• Reporting possible research misconducts
  • Suggesting alternative reviewers in case you cannot review the manuscript for any reasons
  • Treating the manuscript as a confidential document
  • Not making any use of the work described in the manuscript
  • Not communicating directly with authors, if somehow you identify the authors
  • Not identifying yourself to authors
  • Not passing on the assigned manuscript to another reviewer
  • Ensuring that the manuscript is of high quality and original work
  • Informing the editor if you find the assigned manuscript is under consideration in any other publication to your knowledge
  • Writing a review report in English only
  • Authoring a commentary for publication related to the reviewed manuscript

 What Should be Checked While Reviewing a Manuscript?

  • Novelty
  • Scientific reliability
  • Originality
  • The valuable contribution to the science
  • Adding new aspects to the existed field of study
  • Ethical aspects
  • Structure of the article submitted and its relevance to the authors’ guidelines
  • References provided to substantiate the content
  • Grammar, punctuation, and spelling
  • Scientific misconduct

Peer-Review Process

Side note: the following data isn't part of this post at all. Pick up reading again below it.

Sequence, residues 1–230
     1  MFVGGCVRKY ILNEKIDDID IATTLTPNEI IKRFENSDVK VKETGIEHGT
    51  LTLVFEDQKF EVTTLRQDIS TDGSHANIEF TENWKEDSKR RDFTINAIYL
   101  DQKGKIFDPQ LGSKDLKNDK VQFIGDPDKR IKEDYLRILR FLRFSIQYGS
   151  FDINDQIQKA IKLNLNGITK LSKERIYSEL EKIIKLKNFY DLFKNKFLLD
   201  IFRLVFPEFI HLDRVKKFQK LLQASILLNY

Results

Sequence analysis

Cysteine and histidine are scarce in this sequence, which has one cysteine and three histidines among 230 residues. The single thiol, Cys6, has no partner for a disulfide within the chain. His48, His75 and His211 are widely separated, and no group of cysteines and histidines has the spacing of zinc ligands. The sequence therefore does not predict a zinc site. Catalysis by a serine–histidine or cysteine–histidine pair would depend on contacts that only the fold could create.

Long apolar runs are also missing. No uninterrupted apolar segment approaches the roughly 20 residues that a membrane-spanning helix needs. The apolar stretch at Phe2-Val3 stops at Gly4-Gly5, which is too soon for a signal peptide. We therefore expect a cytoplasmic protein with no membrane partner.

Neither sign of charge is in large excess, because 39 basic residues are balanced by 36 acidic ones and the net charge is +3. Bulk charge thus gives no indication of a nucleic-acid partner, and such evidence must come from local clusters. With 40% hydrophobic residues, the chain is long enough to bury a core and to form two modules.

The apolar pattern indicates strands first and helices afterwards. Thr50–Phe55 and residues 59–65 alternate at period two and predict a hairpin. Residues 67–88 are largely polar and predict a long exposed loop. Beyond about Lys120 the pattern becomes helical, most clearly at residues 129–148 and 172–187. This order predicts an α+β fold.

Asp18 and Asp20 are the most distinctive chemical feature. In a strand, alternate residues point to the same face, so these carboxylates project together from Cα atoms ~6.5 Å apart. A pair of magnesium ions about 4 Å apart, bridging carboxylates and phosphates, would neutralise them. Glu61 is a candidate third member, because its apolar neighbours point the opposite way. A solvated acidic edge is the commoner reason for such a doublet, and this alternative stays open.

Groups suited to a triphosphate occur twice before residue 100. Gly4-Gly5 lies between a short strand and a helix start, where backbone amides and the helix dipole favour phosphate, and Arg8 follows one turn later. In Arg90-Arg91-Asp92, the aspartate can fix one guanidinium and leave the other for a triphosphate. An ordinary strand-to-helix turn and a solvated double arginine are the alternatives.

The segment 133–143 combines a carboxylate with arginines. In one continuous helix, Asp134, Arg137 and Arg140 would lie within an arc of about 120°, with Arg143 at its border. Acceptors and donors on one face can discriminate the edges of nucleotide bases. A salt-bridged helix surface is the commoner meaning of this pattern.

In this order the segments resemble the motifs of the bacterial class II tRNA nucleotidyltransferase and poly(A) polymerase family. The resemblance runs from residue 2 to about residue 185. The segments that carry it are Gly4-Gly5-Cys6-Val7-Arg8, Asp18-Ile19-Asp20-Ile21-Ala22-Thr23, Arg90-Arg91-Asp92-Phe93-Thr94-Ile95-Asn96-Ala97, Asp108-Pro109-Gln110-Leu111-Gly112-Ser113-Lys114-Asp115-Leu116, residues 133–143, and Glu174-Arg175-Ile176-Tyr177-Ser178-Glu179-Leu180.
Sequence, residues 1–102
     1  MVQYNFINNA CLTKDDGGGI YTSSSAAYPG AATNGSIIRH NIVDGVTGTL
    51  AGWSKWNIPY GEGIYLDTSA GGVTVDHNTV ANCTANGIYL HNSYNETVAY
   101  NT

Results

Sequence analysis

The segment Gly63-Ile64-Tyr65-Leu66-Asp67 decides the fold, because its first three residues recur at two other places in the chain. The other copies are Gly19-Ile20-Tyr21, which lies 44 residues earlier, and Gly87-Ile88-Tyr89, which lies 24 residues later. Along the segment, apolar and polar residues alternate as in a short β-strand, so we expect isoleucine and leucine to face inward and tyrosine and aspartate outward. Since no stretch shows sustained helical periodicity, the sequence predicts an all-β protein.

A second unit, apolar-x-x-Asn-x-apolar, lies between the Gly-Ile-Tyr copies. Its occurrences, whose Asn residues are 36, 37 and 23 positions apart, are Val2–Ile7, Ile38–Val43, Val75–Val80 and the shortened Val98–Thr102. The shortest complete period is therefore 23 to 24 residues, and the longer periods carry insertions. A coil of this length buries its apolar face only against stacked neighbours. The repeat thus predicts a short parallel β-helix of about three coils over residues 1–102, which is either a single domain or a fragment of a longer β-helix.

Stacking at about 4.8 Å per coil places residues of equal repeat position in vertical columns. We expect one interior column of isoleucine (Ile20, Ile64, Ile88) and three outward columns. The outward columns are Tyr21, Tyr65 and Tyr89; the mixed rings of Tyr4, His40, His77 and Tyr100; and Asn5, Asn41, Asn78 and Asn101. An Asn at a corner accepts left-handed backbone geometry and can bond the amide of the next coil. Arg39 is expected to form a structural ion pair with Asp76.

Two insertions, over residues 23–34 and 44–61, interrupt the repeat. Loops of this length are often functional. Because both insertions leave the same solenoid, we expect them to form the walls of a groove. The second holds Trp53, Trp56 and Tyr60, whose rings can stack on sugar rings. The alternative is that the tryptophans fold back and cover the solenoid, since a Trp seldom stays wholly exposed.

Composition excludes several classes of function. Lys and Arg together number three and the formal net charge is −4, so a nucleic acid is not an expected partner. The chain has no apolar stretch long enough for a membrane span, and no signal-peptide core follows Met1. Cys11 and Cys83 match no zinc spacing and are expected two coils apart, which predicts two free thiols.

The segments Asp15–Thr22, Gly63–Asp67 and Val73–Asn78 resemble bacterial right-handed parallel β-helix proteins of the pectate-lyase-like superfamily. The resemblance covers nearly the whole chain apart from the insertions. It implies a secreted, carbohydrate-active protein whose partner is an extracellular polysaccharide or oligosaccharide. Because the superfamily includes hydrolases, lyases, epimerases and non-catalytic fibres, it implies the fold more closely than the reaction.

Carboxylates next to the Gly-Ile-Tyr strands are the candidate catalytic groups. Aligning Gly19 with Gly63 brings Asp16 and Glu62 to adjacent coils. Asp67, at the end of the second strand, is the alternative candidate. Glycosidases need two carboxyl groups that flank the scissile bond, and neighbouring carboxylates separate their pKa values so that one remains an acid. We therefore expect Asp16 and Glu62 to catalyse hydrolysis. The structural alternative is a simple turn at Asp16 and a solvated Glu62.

As part of the peer-review process, JABR and all its reviewers abide by the confidentiality of manuscripts submitted to the journal. In this regard, we do not share information about manuscripts, including whether they have been received and are under review, their content and status in the review process, criticism by reviewers, and their ultimate fate, to anyone other than the authors and reviewers. Any requests from third parties to use manuscripts and reviews for legal proceedings are refused.

Also, reviewers are advised not to keep the manuscript for their personal use and should destroy paper copies of manuscripts and delete electronic copies after submitting their reviews. It should also be noted that rejected manuscripts are kept in the editorial system as an archive. But, published manuscripts and all their contents regarding copies of the original submission, reviews, revisions, and correspondences are kept in perpetuity for further questions about the work should be raised.